I also change 30% of my concrete pond water once a week using tap water. I just thought if I use raw mud pond water I could get the same results in my concrete pond and just add tapwater to the mud pond to fill it up again.
                        We do not have any limits on the amount of water we can use it is just a bit expensive. I cannot complain really since it has a hardness of 60ppm and a Ph of 7.8. Kh of 30ppm and no detectable Nitrite. :P

                        Thanks again
                        Jaco
                        Jaco Vorster
                        South Africa

                        Comment

                        • #13

                          If the only water coming into your mud pond would be city water and rainfall, you can just about eliminate worries about viral contamination as long as you aren't buying and putting new koi in that pond. Parasites and bacteria also become less of an issue.

                          I've seen many fish holding systems that worked from a mud pond water source. Basically a small mud pond serves as the "filter" for the system. You pump pond water to the tanks and drain the water from the tanks back to the pond. This works OK as long as its always the same fish in the tank and your mud pond is large enough to support the fish population in the tanks. Fish coming ang going (as in a holding facility) allows the mud pond part of the system to become contaminated with pathogens that then can spread back to the tanks with the water.

                          As long as the tanks (or koi pools) aren't getting fish coming and going through them to bring in pathogens, then the biggest problem becomes the muddy water. A settling tank might be all that would be required to address that. Pump your water change water to a big tank and let it set for a day or two, then put it in your pond. Do this by decanting the water from the top down and leaving the dregs to be washed away when you've finished.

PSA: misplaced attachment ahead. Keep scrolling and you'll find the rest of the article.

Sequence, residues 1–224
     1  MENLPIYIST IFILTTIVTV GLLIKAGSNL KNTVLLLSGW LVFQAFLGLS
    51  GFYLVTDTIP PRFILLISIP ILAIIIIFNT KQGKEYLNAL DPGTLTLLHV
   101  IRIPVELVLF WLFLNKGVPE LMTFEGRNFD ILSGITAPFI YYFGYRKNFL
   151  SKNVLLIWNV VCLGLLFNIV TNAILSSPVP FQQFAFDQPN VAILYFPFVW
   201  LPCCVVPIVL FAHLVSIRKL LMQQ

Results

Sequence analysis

Now, having done all that, I do not think you will be able to bring the benefits of the mud pond into the concrete one. I beleive you could not bring these benefits by pumping unfiltered water either. You might get some beneficial impact if the water chemistry of the mud pond is enhanced over that of the tapwater.



                          Brett
                          Brett

                          Comment

                          • #14

                            Isn't it more not so much the mud pond water but what they find to eat in it?

                            Comment

                            • #15

                              I think its both.

                              The koi "work the bottom" constantly seiving mud to get the "good stuff" out of it. I beleive they iingest lots of minerals like this. They also like to stick thier snouts into crawfish holes and pump the crawfish out with thier gills. Watching this behavior is quite interesting.

                              I beleive the koi smells a crawfish that has recently molted, they like softshells just like I do, but I want mine fried.Sometimes several koi will work one area, each with its head in the side of the pond. A big plume of really muddy water will be all around them. Unfortunately this behavior is really hard on the pond banks, undermining them and causing the tractor to fall into the pond on many occasions. The ponds must be reshaped every few years (as is done in Japan).

                              My koi get an amazing diversity of live foods, these change with the seasons and they feed heavily upon whatever is in abundance at the time. One favorite is mayflies. On the mornig after a big hatch, the yellow mayflies will be all over he pond's surface with the koi slurping them up, gorging until they are all gone.

                              On a windy summer's day they'll be right at the upwind edge waiting for a tasty morsel to blow in. A grasshopper is a favorite, but grass seeds, and other stuff is also eaten as it blows in.

                              A blustery early spring day finds the koi at the other end of the pond as the wind is now from the North and blowing in caterpillars from the trees. They eat the caterpillars as they hit the water.

                              A big rainstorm in late summer washes earthworms into the ponds by the thousands, koi there waiting as they wash in.

                              In most of my ponds, only about half of what the fish get to eat comes out of the feed bag.

                              Both the mud pond environment with its minerals and water quality as well as its natural foods contributes to the development of the koi.

                              However, koi do not finish up good in the mud. They need the closed environemtn in order to be brought fully into show form. Hence the need for both environments.
                              Brett